I was excited to get to the 1946 winner, Elizabeth Gouge’s The Little White Horse. I remember watching the TV adaptation, Moonacre, as a child, but I had never read the book and at the time didn’t even realise that there was a book. I don’t remember anything about the TV adaptation either, except the sense of something magical and exciting. The book certainly is magical and exciting, but what I enjoyed about it even more is its wry humour. The introduction of the protagonist (Maria), her governess Miss Heliotrope, and her dog Wiggins is a delight: contemplating her beautiful boots gives clothes-conscious Maria ‘a moral strength that can scarcely be overestimated’, virtuous Miss Heliotrope is afflicted by indigestion that has the unfortunate side effect of giving her the purple nose of an alcoholic, and as for Wiggins…
[I]t is difficult to draw up a list of Wiggin’s virtues… In fact impossible because he hadn’t any… Wiggins was greedy, conceited, bad-tempered, selfish, and lazy. It was the belief of Maria and Miss Heliotrope that he loved them devotedly because he always kept close at their heels, wagged his tail politely when spoken to, and even kissed them upon occasion. But all this Wiggins did not from affection but because he thought it good policy.
There’s a real savour to these descriptions that I love, and it carries on through the rest of the book. This, I think, is what makes this book really successful; it is also deeply concerned with questions of virtue and in the wrong hands this story could have become sickly, but the humour lifts it out of danger.
The Little White Horse returns to some of the themes we have seen in previous Carnegie winners, notably the emphasis on the pastoral and the interest in heritage. At the start of the book, recently orphaned Maria is travelling to live with her uncle in the West Country, a prospect she regards with dismay. Predictably, none of the discomforts she associates with country life materialise: in fact, she is stepping into a picture postcard world in which:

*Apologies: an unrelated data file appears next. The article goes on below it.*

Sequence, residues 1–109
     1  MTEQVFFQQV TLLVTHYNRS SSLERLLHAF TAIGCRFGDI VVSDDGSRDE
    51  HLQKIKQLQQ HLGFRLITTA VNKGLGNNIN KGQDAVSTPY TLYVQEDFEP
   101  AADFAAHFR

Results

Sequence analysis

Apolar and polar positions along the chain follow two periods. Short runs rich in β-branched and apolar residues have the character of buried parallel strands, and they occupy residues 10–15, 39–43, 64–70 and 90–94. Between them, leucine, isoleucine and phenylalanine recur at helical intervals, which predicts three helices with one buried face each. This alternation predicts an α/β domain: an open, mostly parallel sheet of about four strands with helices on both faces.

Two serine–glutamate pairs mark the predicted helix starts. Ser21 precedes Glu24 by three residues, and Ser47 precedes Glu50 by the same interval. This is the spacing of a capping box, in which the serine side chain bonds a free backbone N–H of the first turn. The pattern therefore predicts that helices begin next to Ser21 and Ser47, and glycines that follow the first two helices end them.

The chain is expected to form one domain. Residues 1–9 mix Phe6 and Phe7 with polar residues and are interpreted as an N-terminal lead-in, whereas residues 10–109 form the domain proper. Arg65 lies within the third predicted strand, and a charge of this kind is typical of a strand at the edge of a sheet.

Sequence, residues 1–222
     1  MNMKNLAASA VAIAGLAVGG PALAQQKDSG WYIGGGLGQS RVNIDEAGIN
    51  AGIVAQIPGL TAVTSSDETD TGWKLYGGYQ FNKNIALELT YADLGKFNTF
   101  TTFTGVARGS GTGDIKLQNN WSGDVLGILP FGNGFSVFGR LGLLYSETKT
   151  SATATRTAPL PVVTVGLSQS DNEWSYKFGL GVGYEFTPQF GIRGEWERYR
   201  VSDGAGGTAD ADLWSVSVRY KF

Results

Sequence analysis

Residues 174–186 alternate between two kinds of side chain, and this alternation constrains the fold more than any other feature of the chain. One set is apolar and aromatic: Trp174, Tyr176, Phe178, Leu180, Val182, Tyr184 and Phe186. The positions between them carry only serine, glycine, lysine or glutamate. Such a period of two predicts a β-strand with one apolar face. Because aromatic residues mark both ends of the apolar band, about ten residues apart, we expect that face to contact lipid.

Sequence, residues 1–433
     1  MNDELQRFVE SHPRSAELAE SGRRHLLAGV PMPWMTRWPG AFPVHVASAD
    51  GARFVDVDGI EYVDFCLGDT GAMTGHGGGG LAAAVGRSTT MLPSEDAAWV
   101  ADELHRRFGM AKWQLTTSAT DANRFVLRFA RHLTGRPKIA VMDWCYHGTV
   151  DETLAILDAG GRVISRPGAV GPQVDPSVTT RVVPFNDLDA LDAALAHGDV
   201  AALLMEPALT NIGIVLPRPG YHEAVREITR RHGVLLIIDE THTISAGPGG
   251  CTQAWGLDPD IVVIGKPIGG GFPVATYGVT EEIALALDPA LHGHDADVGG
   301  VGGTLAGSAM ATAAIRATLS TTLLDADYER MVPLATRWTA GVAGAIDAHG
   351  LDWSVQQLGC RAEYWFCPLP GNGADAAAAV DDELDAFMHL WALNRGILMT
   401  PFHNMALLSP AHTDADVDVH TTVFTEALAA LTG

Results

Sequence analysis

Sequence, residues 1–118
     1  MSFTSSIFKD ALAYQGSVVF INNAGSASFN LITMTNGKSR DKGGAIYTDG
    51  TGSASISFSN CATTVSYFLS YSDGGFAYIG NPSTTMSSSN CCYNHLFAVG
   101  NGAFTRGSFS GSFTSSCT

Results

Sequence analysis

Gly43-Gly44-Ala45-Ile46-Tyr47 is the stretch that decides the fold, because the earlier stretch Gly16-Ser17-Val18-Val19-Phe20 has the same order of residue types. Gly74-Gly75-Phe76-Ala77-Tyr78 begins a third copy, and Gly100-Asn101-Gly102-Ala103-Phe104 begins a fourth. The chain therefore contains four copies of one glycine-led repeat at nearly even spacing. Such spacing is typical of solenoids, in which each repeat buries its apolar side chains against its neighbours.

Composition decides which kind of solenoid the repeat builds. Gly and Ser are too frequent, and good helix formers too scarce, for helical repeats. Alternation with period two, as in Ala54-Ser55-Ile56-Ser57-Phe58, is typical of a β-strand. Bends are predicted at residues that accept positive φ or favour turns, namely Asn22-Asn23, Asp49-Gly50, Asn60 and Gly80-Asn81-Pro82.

The cottages all looked prosperous and well cared for, and besides the gardens the gardens had beehives in them. And the people looked as happy and prosperous as their homes. The children were sturdy as little ponies, healthy and happy, their mothers and fathers strong-looking and serene, the old people as rosy-cheeked and smiling as the children.
Although she is ‘a London lady born and bred’ Maria fits perfectly into this rural world, so much so that she finds she has a bedroom with a door so small only she can enter, where she daily discovers clothes and other goodies which fit perfectly. Furthermore, she has a destiny to fulfil: she is the ‘Moon Princess’ who has the chance to right the wrongs and heal the old rifts which have marred the happiness of her ancestors. Just in case there should be any doubt about the symbolism attached to her healing of the land, she is assisted in her quest by a lion and a unicorn.